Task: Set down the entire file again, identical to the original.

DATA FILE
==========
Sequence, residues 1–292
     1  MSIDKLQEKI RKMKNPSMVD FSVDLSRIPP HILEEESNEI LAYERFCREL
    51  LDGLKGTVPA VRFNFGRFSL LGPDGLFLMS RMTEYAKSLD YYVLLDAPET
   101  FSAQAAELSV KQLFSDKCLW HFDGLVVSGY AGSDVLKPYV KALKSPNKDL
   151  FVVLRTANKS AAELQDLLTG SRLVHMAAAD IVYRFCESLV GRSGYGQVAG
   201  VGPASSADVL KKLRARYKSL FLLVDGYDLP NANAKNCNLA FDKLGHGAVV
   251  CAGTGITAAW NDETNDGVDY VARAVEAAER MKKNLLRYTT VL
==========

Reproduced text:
Sequence, residues 1–292
     1  MSIDKLQEKI RKMKNPSMVD FSVDLSRIPP HILEEESNEI LAYERFCREL
    51  LDGLKGTVPA VRFNFGRFSL LGPDGLFLMS RMTEYAKSLD YYVLLDAPET
   101  FSAQAAELSV KQLFSDKCLW HFDGLVVSGY AGSDVLKPYV KALKSPNKDL
   151  FVVLRTANKS AAELQDLLTG SRLVHMAAAD IVYRFCESLV GRSGYGQVAG
   201  VGPASSADVL KKLRARYKSL FLLVDGYDLP NANAKNCNLA FDKLGHGAVV
   251  CAGTGITAAW NDETNDGVDY VARAVEAAER MKKNLLRYTT VL